Archie Norman, Marks & Spencer’s chairman, said he’d spotted a few “green shoots” in May, which sounded a brave call at the time. By August, though, the shoots had bloomed into a profits upgrade. Now there’s proper foliage: a forecast of profits this year of £500m, which is about £150m ahead of what had been expected, if one ignores the group’s perennial “adjusting items”.
Chief executive Steve Rowe said he won’t be claiming victory too soon “given the history of M&S”. Fair point: his predecessors were always too keen to pat themselves on the back – it usually meant the next setback was about to strike. But at least five “self-help” factors suggest M&S’s turnaround may be the real deal this time.
First, the group finally has a property strategy that recognises the need to shrink radically in the age of online retailing. The aim is to have 180 “full line” stores, versus 253 today. The willingness to bulldoze the Marble Arch store, and turn half the new building into offices, was a necessary icon-toppling moment.
Second, the website and logistics setup, source of many mistakes over the years, now seems to work. Third, the partnership with Ocado, launched between lockdowns, solved a strategic online puzzle at a stroke. The price of £750m for a 50% stake in the joint venture now looks excellent.
Fourth, Rowe has been brutal in cutting costs – 9,000 jobs went at the start of the pandemic. Fifth, M&S has culled a few in-house sub-brands and joined the trend for “platform” retailing with outside partners. Clothing and home sales rose only 1% in Thursday’s half-year numbers versus 2019, but it’s profit margins that matter. If the group has genuinely conquered its addiction to “friends and family” promotions – its poshed-up term for a grubby sale – that’s a meaningful advance.
It helps that Debenhams went bust, which wasn’t under M&S’s control. But one could equally say that running a conservative balance sheet, which Debs didn’t, was a form of self-preservation by M&S. It allowed a long parade of bosses to take a shot at reinvention. Most preached a version of Rowe’s “fix the basics” mantra, but he’s the first to do so credibly. Plenty can still go wrong (this is still M&S), but outright calamity now looks firmly off the agenda.
The vehicle-maker that makes Tesla look cheap
Tesla has converted the US stock market to the joys of valuing electric vehicle makers at wondrous multiples of sales. Now comes Rivian to take racy valuations to a new dimension. This is a company with an IPO price-tag of $65bn (£48bn) that recorded no revenues in its last trading period.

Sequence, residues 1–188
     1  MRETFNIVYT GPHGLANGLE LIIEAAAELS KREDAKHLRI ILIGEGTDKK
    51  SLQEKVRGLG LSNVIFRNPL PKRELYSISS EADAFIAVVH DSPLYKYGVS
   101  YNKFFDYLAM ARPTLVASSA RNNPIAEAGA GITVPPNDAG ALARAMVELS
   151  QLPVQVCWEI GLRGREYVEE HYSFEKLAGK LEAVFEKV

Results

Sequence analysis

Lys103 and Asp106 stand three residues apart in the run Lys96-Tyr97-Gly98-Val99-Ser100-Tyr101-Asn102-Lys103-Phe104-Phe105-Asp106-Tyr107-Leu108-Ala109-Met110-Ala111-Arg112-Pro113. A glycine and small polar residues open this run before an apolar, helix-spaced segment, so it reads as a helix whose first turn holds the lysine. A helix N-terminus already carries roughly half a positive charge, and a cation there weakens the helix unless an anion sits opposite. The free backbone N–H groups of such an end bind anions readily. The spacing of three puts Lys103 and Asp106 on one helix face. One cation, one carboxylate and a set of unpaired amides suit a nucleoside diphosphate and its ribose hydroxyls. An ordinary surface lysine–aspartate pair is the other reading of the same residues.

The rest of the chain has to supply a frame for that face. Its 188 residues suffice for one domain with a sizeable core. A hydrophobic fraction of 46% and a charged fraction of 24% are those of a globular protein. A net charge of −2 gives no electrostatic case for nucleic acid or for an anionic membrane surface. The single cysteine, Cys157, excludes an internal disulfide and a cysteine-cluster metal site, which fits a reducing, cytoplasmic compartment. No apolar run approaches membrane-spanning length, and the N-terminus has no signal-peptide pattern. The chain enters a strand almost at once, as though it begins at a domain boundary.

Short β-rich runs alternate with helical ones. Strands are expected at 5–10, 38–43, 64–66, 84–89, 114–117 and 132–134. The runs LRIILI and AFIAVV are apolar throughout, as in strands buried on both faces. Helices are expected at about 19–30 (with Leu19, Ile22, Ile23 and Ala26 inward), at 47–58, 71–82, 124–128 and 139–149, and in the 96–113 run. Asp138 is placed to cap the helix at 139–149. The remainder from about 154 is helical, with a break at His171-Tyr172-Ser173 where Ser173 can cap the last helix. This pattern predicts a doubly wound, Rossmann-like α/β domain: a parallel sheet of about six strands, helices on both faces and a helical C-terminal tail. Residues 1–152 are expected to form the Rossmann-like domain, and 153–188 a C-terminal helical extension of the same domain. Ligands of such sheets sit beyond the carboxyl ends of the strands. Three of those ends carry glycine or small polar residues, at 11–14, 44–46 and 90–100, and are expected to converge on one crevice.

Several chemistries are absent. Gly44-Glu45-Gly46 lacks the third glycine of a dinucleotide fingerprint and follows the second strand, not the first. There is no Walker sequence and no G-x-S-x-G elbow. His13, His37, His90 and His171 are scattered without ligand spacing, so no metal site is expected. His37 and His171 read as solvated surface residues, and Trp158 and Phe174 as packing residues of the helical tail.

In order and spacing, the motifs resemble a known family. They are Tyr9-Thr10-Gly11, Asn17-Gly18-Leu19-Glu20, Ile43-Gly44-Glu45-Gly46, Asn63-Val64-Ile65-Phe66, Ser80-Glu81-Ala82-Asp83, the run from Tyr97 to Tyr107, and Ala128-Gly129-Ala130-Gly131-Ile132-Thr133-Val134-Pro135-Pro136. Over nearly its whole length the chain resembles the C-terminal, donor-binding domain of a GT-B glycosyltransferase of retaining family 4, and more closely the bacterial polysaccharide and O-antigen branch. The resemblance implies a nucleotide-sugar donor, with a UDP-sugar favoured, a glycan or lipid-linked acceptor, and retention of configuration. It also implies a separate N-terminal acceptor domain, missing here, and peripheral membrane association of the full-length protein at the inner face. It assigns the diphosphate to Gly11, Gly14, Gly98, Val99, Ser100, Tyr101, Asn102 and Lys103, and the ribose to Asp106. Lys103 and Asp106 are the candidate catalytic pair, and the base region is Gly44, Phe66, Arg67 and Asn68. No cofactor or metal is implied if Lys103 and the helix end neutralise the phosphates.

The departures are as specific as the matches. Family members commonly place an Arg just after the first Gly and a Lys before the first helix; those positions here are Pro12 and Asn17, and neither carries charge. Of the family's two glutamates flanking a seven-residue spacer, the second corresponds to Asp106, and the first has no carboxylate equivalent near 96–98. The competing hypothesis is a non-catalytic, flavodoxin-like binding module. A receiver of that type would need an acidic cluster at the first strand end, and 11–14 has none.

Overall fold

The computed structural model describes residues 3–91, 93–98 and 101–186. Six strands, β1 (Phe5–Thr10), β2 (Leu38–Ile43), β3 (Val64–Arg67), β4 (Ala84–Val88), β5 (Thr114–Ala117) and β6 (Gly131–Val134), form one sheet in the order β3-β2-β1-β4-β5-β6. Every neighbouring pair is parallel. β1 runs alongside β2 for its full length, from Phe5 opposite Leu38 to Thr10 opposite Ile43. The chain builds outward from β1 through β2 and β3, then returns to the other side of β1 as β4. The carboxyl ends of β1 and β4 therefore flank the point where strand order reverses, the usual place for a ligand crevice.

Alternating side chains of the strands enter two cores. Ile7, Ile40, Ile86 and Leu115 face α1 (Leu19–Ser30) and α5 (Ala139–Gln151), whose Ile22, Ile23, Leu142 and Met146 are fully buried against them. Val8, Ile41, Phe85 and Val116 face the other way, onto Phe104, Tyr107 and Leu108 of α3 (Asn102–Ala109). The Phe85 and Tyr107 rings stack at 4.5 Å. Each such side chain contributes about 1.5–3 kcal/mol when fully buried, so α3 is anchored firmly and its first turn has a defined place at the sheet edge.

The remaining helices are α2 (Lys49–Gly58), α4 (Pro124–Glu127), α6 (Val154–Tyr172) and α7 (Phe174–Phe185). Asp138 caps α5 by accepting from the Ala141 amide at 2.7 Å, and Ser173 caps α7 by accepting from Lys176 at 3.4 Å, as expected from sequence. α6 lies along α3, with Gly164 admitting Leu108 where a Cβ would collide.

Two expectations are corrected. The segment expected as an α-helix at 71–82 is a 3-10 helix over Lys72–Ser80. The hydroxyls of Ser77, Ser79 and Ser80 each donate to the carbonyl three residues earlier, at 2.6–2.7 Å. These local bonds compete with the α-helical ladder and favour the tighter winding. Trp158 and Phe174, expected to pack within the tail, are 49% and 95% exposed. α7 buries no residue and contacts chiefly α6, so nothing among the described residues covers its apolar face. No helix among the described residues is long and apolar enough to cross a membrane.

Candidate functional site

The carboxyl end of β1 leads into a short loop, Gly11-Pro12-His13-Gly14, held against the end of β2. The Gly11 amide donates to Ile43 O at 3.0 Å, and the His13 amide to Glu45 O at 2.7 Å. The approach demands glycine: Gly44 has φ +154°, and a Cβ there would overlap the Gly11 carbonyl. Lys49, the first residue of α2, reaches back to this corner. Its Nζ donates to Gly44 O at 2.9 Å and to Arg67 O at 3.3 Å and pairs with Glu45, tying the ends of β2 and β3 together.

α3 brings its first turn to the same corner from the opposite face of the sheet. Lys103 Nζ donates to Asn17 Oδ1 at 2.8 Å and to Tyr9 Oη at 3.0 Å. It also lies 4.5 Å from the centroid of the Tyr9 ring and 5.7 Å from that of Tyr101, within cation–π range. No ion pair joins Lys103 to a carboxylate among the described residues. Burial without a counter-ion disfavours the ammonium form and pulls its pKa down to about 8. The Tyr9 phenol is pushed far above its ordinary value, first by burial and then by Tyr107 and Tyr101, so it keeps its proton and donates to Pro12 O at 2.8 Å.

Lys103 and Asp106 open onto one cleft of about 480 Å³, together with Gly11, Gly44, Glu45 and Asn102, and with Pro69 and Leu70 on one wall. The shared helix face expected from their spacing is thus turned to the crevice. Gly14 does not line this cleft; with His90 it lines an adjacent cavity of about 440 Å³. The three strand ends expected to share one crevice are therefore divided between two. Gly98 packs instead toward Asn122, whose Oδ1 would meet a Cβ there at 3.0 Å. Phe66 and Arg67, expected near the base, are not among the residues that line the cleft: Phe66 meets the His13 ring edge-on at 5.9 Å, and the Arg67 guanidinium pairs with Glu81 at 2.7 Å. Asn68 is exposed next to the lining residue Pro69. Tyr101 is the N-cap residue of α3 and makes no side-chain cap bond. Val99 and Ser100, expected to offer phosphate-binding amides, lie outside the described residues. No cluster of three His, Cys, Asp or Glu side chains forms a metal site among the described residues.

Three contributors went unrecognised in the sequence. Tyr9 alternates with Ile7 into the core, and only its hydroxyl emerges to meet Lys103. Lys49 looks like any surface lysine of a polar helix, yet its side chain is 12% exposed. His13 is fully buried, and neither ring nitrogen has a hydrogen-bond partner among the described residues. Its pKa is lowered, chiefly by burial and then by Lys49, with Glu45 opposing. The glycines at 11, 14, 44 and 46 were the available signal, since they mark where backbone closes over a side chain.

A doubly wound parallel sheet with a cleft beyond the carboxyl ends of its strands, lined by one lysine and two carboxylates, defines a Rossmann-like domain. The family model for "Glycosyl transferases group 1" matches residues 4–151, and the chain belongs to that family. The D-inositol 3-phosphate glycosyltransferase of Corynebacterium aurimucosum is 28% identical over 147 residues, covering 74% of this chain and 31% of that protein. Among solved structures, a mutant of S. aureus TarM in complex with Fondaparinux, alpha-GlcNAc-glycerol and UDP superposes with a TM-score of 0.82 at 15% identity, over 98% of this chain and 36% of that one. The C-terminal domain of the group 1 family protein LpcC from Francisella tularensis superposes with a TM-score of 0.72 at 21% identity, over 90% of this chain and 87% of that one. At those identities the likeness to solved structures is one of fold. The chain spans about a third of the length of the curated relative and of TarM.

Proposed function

There is a vital extra piece of information, naturally: Amazon owns 22% of Rivian and has ordered 100,000 of its electric vans for delivery by 2025. So, yes, there will definitely be revenues – and, indeed, the company started selling its pickup truck in September.
Even so, the valuation looks other-worldly. The Amazon connection provides glitz, but the core customer has one hand on the steering wheel, which could become a limiting factor. Rivian can sell its delivery vans only to Amazon for four years, for example.
The $75,000-a-pop pick-ups could supply the extra oomph but that market is also Tesla’s. There’s room for competition, of course, but one lesson from the market leader’s progress over the years is that ramping up production is not straightforward. Setbacks will happen.
Rivian has merely arrived on the starting grid. A $65bn valuation almost makes Tesla, several laps round the track, look cheap at $1tn.
The Fed has some explaining to do
We obsess in the UK over the Bank of England’s wayward messaging over inflation and the timing of interest rate rises, but is the US Federal Reserve’s communication any better?
Well, one could say that the Fed has stuck to its “transitory” rhetoric more consistently. The grumble about Threadneedle Street is that the governor led the market on a merry dance by warming up investors to expect a rate rise this month and then didn’t deliver it. By contrast, the music from the Fed has been about a possible rise next year.
Yet the sight of the US consumer price index at 6.2% in October versus a year earlier, takes some explaining. It is the fastest annual pace since the 1990s. Yes, it could still all prove transitory if second-hand cars, energy bills and other big contributors fade out from here. But the latest data also showed prices picking up again in areas like hotels and leisure attractions, which fits less easily with the Fed’s narrative. A few more months of 6%-numbers and “transitory” will lose its meaning.